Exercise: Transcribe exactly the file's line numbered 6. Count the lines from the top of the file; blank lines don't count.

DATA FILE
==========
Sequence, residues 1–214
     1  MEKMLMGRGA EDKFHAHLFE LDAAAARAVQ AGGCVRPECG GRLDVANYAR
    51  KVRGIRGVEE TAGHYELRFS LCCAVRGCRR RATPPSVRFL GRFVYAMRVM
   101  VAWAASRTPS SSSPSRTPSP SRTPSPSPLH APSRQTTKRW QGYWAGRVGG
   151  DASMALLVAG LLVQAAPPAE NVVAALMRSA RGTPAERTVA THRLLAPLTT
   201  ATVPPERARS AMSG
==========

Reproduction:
   201  ATVPPERARS AMSG